So far so good?

I then forgot about it but left the page open in a tab. I’ve been hibernating my laptop the last couple of days so I knew it was there for when I got back to it.

My inbox has had quite a few emails for this (slightly?) bigger $67 product, so I took a look and thought it was just like the one I’d left open in a tab. It’s not the same thing, and it’s definitely a different product as it also has a countdown timer you can add, which the first product didn’t have.

So I decided to go check out the details of both on JV Zoo, and did a search for the first product. I then got stopped in my tracks because I found 38 products that matched the description.

I opened the first one and clicked the sales page.

It was the same product, same sales page, different price – $11.

I clicked on some of the others – all the same domain, same sales page, different prices, with the lowest I could see at $7, all with different sellers offering different commission rates for affiliates in JV Zoo.

Hmm. Brain engaged and I did a bit of thinking.

The clever marketing bit was that the creator of the product didn’t appear to be selling it himself. I could be wrong.

Each page had its own reference in the URL (?r=9999) which I originally thought was the affiliate ID. I now realise it was a way of identifying each vendor and so placing the correct payment button on the sales page.

My guess is – because I haven’t bought yet – is that the original creator is selling a service, and so will gather the name and email of each person who signs up for it regardless of where they’ve come from.

It’s as if he’s selling it with 100% commissions, but isn’t inserting himself in the sales process at all.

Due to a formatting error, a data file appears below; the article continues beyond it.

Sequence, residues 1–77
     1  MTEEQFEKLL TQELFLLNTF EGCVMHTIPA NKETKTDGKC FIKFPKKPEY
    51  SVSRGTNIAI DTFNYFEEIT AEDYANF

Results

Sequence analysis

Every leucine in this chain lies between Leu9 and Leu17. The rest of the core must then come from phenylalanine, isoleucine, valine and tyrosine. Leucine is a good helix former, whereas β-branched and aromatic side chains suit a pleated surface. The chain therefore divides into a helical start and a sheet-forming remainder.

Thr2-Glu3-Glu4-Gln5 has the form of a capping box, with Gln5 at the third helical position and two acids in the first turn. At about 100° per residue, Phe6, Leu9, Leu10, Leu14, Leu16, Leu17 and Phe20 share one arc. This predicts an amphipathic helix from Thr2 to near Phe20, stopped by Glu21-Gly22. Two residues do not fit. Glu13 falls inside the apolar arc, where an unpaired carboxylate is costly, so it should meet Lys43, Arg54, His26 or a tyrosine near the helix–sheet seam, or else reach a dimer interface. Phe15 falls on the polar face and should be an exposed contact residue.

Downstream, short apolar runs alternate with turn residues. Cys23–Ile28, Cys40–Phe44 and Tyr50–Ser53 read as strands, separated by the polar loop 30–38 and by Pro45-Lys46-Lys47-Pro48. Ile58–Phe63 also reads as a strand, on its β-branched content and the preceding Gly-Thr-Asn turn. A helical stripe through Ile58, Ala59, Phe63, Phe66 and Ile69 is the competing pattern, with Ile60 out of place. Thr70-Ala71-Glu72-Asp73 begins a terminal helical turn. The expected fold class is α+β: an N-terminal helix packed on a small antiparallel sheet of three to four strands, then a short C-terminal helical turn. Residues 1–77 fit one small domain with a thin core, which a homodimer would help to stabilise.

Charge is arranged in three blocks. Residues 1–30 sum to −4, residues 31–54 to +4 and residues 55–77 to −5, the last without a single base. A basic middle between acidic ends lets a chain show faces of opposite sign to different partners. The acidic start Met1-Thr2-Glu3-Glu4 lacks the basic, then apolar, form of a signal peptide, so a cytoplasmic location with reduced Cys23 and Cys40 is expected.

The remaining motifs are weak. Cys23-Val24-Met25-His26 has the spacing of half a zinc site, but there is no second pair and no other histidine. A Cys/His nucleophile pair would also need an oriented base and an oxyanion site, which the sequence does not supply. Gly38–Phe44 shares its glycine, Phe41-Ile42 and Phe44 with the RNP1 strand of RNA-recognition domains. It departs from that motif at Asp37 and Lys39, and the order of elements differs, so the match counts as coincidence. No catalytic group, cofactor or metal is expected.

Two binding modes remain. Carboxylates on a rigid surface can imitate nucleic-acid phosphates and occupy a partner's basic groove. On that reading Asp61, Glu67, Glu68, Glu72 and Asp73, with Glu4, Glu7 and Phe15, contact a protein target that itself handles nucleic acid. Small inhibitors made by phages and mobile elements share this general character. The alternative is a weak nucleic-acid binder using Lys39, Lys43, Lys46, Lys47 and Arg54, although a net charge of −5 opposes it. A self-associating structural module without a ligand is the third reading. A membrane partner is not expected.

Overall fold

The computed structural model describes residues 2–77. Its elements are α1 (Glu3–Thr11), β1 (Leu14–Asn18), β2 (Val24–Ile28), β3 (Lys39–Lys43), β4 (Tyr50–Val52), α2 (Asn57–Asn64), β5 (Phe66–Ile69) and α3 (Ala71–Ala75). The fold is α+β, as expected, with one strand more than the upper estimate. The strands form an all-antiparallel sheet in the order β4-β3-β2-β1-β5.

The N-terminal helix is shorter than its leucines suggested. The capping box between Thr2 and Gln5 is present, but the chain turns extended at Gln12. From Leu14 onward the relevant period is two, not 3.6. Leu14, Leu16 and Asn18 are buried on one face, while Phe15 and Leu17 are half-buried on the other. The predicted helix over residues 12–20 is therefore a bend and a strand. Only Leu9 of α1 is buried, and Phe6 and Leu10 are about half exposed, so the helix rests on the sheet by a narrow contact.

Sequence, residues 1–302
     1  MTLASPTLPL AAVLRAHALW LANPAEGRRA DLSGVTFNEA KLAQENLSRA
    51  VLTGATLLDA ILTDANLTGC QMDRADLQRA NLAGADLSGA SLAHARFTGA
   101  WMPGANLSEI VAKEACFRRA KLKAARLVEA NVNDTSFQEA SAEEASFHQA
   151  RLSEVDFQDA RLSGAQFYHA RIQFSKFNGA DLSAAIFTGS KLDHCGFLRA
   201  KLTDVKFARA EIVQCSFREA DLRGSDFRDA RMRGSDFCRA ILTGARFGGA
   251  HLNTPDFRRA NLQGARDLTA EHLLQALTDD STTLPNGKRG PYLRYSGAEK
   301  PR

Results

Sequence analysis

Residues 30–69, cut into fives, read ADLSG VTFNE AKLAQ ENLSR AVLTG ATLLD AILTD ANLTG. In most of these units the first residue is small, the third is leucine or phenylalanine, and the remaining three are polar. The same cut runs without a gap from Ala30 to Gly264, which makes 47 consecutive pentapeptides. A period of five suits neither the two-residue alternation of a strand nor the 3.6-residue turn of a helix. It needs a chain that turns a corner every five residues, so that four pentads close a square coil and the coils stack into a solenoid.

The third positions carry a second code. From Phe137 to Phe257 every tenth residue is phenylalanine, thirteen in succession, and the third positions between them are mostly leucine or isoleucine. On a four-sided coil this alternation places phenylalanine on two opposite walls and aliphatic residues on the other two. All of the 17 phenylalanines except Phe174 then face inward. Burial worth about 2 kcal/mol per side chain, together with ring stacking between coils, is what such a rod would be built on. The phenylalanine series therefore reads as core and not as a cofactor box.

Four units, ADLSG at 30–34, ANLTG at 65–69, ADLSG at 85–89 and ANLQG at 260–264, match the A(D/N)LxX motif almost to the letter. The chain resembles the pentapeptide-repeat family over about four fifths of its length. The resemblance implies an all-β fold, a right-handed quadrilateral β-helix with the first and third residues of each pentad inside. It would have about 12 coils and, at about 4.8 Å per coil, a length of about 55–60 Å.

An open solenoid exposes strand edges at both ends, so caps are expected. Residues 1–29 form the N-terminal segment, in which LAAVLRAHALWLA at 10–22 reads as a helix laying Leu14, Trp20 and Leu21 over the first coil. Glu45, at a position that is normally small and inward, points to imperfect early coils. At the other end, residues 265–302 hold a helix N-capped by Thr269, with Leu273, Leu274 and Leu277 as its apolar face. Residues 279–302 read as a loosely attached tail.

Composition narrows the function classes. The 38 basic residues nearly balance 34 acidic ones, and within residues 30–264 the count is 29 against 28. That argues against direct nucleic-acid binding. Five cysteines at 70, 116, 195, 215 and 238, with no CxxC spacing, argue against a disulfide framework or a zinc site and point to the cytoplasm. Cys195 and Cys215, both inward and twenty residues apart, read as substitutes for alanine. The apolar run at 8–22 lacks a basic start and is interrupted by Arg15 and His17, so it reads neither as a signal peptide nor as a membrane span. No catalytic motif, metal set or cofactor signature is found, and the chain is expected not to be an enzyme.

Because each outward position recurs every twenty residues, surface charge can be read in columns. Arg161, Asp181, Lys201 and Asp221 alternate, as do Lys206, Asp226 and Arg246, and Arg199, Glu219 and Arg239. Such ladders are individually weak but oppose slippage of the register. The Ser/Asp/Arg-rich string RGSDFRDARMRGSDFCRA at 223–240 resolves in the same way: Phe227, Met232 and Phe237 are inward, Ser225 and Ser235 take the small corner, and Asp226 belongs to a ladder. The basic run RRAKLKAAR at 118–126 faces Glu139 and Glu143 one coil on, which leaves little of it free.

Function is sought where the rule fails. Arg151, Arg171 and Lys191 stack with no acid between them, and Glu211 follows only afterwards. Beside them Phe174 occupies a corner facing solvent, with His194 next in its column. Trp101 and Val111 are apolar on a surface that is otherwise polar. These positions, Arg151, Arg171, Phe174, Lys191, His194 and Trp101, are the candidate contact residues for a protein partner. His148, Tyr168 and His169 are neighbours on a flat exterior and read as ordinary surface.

In other words, he’s building a list of buyers without any of the hassle or risk associated with being a product vendor.

I’ve not seen anyone else do this, and it could well be the start of something big – a new trend in selling and list building. I’ll be keeping an eye on this.

I just thought you’d like to know, and to say that you heard about it from me first.  ;-)

-Frank Haywood

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What To Do? A Dilemma

I have a dilemma.

(As I’ve written this, I’ve changed my mind a couple of times but I think I’ve made my mind up.)

Here’s my problem. Every week I generally buy at least a couple of products.

Sometimes it’s a learning product, sometimes PLR, more often it’s a tool of some sort, and occasionally I sign up to a new service or membership.

I think I *might* have “a bit of a problem” and thank goodness there’s no online equivalent of the home shopping channel.


At least most of the stuff I actually look at I don’t buy as it’s a newbie / sucker purchase. Looks pretty but holds no value, kind of thing.

(Okay I sometimes fall for one, and did this week, but you’ll never hear about it. It was PLR for an ebook that fell in line with something that I’ve been thinking about and I thought there might be at least some useful information in it. It was total junk, clearly written by someone who knew how to use Google but knew nothing about the actual subject matter and kept using stilted phrases like “one can always tell…” I guess I can use the graphics and ecover after editing.)